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The Urban Crucible: The Northern Seaports and the Origins of the American Revolution Paperback – Abridged, April 14, 1986

ISBN-13: 978-0674930599 ISBN-10: 0674930592 Edition: Abridged

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Product Details

  • Paperback: 300 pages
  • Publisher: Harvard University Press; Abridged edition (April 14, 1986)
  • Language: English
  • ISBN-10: 0674930592
  • ISBN-13: 978-0674930599
  • Product Dimensions: 0.7 x 6 x 9.2 inches
  • Shipping Weight: 14.4 ounces (View shipping rates and policies)
  • Average Customer Review: 2.5 out of 5 stars  See all reviews (2 customer reviews)
  • Amazon Best Sellers Rank: #94,730 in Books (See Top 100 in Books)

Editorial Reviews

About the Author

Gary B. Nash is Professor of History Emeritus, UCLA and Professor and Director, National Center for History in the Schools.

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10 of 11 people found the following review helpful By S. Bellavia on July 6, 2007
Format: Paperback
In Gary Nash's book, The Urban Crucible Northern Sea Ports and the Origin of the American Revolution (Abridged), he argues that urban importance is severely understated by historians looking at the revolutionary timeframe, and that changes which occur in the urban setting trickle down to the rural population. He says the socioeconomic state of the labor class, and the awakening of its political acumen in the three major northern seaports of Boston, New York, and Philadelphia created the revolutionary impetus. In seven chapters, each devoted to a specific timeframe. Nash tracks the evolution of the three cities into urban centers from 1690 until 1775 Nash argues that it was the changing socioeconomic interactions of urban life that eventually influenced rural colonial America and led to the American Revolution. He bases his research not only on the traditional primary sources, but also looks at nontraditional economic sources; such as tax lists, poor relief records, wills, and other legal documents. (xv) Nash focuses on the interaction between economic, social, and political change. He looks at how a change in one arena can drive change in the others.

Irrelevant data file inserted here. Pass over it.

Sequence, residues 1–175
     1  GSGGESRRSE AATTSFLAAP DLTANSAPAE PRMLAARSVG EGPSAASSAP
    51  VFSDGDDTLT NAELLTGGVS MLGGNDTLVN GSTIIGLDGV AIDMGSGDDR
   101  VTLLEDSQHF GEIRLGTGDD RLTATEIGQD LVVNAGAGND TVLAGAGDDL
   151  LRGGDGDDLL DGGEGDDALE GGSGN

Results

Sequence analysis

Nash uses estate inventories to show the relative wealth of an average urbanite of a particular social station at their death and then compares them with decedent's who were of a similar station in the other cities. His use of tax lists and poor relief records to point out the economic health of these urban centers adds a dimension not normally seen when talking about the colonial period.
One criticism of the book is that Nash focuses primarily on Boston, even when Boston dropped in prominence to become the third-largest city in colonial America.
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10 of 31 people found the following review helpful By inthesouthwest on May 19, 2000
Format: Paperback
In the Urban Crucible, Nash attempts to demonstrate that the American Revolution was a duel revolution against England and the traditional ruling classes. He shows how the economic effects of the boom and bust cycles following the various wars of the 18th century affected the colonies, specifically the port cities. The result of these increasingly disruptive economic cycles--especially after the French and Indian War--caused the colonists in the port cities to rebel against England and the American elites because of economic concerns. However, Nash offers very little evidence that socioeconomics was indeed the main motivation for revolution, and he offers no evidence that class warfare really existed.
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